Having the conversation with senior management about operational technology cybersecurity and obtaining sufficient budget to mitigate and manage risk continues to be a challenge. Many in management still see cybersecurity as insurance and compliance as a tax. Who wants to spend money on that? Nobody!
IT has been budgeting for many years for firewalls, network equipment, endpoint detection response, managed detection and remediation, security information and event management tools, etc. OT staff always have a project underway upgrading OT systems, building new plants, and so on, and there is a well-oiled process for these kinds of budget requests. So, how do you compete for a new category of investment: OT cybersecurity?
First, think about your senior manager's background. If you are presenting this information to the CFO or the finance team, they will understand a risk-based conversation. Position the spending as risk reduction. If the person came up through sales and marketing, such as the CEO, you may need to be prepared to discuss revenue loss as part of the justification. You can certainly point to the Colonial Pipeline incident, the Merck production outage, or the Maersk shipping attack as concrete examples. If the C-level sponsor came up through operations, presenting your case as comparable to a safety program will resonate, as many of the concerns are the same. You may also need to present a combination of these approaches.
Second, help define the risk. With the increasing number of cyberattacks on OT companies, the costs to clean up after a breach or a ransomware attack on OT systems are no longer theoretical. Incident response costs, legal fees, ransomware payments, overtime for employees working on mitigation, increases in cyber insurance policies (50% to 100% if insurers will even renew), betterment costs to systems, and loss of revenue due to production outages are well-documented costs to remediate a major cybersecurity event.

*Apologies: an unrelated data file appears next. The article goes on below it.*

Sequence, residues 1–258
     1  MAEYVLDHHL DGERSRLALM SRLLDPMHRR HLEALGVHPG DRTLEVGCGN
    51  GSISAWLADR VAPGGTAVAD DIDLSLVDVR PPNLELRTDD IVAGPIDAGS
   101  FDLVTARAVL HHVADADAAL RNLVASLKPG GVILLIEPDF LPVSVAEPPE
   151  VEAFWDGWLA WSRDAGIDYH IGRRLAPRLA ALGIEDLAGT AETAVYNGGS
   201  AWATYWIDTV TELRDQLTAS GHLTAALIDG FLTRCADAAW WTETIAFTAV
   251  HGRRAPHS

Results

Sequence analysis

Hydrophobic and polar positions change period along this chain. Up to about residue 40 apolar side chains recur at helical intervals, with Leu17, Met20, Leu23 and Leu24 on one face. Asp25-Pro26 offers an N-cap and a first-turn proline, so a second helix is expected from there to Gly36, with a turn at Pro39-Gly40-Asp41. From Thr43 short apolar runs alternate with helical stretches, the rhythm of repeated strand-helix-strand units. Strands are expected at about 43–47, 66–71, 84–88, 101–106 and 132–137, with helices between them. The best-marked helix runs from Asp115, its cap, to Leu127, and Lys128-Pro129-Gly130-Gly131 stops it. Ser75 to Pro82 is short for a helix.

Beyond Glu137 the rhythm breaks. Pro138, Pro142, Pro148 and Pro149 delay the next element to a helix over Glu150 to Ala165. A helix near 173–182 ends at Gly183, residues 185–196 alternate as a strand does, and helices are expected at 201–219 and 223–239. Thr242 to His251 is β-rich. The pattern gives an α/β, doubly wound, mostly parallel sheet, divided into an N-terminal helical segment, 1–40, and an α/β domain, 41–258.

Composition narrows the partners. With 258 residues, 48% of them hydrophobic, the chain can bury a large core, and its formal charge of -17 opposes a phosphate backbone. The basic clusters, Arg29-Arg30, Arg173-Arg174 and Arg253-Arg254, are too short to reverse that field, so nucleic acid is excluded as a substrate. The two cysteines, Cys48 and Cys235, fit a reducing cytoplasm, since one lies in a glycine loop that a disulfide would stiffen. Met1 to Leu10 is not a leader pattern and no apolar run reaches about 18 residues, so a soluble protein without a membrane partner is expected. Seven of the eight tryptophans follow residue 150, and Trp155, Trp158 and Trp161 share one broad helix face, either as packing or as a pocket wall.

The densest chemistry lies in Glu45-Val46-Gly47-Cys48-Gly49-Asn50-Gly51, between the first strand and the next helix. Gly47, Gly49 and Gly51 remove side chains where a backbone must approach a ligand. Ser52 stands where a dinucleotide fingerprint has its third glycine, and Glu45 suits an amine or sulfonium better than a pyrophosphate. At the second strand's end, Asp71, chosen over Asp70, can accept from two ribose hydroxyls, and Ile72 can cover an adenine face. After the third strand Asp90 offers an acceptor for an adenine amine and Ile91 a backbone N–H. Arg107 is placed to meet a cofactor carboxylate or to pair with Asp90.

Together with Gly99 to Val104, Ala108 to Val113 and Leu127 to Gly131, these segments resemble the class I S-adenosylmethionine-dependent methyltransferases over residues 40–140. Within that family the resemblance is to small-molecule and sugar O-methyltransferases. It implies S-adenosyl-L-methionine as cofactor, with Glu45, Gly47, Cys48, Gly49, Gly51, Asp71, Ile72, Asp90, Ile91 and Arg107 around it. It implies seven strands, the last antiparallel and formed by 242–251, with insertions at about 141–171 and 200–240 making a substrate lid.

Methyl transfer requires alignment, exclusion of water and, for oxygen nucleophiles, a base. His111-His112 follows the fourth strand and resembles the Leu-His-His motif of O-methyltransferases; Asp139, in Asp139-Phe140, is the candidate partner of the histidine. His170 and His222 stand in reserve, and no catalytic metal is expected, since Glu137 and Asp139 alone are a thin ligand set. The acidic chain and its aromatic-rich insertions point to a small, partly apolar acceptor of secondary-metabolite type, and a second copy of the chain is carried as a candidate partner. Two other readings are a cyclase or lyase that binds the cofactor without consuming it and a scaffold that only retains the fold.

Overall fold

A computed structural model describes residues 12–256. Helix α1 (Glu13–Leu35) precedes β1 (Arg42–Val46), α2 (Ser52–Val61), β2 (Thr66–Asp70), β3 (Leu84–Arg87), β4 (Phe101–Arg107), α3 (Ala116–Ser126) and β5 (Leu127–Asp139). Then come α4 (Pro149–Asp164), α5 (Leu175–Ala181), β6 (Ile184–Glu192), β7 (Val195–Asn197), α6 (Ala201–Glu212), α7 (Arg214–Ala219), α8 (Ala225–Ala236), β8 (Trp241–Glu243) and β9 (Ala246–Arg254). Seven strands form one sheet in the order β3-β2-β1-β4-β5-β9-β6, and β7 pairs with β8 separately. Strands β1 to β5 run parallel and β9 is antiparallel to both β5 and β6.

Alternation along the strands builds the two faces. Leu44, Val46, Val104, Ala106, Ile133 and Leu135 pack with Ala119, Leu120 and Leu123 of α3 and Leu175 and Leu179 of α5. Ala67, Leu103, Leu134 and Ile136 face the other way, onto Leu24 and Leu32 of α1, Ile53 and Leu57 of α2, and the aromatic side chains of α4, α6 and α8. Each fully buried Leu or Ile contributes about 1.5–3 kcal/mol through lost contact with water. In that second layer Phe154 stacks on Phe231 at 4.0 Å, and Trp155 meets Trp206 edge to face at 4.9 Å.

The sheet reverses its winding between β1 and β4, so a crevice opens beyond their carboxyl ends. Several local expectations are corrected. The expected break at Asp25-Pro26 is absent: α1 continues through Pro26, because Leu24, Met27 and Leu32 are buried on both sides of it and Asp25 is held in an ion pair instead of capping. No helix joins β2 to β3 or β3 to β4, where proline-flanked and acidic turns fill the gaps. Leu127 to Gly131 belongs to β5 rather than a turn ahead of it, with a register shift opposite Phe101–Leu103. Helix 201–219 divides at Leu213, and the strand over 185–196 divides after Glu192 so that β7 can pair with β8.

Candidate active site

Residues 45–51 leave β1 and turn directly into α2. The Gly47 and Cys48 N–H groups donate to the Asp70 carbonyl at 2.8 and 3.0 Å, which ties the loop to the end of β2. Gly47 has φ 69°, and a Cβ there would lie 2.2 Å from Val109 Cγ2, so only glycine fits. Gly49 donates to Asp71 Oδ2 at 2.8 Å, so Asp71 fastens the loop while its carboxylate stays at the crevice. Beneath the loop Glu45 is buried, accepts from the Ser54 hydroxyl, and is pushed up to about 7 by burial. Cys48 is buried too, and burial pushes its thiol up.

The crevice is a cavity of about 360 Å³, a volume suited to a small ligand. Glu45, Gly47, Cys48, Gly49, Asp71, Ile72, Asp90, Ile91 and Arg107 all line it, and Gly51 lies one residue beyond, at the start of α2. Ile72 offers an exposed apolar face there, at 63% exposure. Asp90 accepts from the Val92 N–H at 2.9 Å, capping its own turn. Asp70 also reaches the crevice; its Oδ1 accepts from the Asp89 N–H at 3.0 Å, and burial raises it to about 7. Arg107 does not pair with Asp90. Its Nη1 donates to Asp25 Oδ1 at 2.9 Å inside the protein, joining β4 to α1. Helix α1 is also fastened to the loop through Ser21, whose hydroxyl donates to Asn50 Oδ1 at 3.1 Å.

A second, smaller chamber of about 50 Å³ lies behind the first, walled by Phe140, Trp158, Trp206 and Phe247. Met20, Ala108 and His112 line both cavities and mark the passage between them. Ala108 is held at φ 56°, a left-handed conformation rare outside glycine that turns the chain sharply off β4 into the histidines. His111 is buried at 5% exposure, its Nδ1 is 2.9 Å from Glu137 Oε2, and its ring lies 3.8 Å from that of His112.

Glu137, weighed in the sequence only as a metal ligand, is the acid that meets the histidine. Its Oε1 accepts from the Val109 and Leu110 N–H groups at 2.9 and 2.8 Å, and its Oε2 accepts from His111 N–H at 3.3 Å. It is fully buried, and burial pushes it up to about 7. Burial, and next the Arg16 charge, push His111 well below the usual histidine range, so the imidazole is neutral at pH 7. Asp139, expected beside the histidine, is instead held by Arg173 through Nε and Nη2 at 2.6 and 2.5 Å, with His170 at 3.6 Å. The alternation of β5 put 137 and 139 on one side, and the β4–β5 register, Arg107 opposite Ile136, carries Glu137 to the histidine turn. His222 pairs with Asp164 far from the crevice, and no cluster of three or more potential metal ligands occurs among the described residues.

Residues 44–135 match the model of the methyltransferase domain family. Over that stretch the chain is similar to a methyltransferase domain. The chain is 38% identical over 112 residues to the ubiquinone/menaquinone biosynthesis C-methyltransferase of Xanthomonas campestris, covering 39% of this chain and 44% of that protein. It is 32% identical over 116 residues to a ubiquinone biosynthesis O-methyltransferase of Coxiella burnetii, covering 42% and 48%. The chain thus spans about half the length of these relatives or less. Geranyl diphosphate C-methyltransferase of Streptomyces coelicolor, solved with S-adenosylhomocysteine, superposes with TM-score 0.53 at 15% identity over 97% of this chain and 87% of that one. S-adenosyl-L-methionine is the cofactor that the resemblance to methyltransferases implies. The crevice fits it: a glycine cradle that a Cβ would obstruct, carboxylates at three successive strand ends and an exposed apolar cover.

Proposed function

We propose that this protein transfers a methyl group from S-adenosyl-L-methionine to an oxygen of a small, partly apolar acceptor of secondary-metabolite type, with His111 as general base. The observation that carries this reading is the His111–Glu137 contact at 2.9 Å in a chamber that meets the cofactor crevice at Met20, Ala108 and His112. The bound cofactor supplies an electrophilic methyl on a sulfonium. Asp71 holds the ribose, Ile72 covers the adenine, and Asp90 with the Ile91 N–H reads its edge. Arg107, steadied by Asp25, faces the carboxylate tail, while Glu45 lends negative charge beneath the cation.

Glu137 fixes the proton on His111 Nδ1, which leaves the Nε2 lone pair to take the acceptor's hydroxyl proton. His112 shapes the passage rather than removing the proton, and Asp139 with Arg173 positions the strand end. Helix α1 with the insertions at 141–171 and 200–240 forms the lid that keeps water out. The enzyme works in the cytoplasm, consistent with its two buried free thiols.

Third, define what the "betterment" needs to be to prevent an attack. If you're attacked and there is a payout by the insurance company, it will require you to prove that you have beefed up your defenses to keep policies in place. Insurers define these costs as "the betterment." If you're having a risk-based conversation, position your budget request as something that will be required at some point after an attack. So, either invest now and reduce the risk of an attack, or be prepared to spend this money later along with substantial remediation costs.
Fourth, present your budget request as something measurable based on a standard. Senior managers complain that IT is always looking for budget but aren't sure what they're getting for the money. Presenting an outcome-based program that will measure the effectiveness of the spending will assist with the analytical types in the C-suite. Choosing one of the OT cyber standards such as the NIST Cybersecurity Framework, the CIS Controls, IEC 62443, or a subset of these foundational controls will allow you to periodically report (or have an internal or external audit) to the C-suite on the effectiveness of the spending. Presenting the Center for Internet Security's (CIS) top five cybersecurity controls can help keep the conversation focused. CIS has published studies showing that by implementing the top five controls, organizations can reduce cyber-risk by 85%. Having a program discussion vs. a technology discussion will help frame the issue as a business case, not just throwing money at tech.
Given events over the last year alone, it should be apparent to boards and C-suites of all organizations that skimping on the OT security budget is the equivalent of personally inviting a malevolent cyberattacker into the organization. However, given the traditional focus of the cyber stack, OT security engineers and personnel should approach senior management with this emphasis on risk reduction benefits and with a concrete plan to secure budget and funding before it's too late.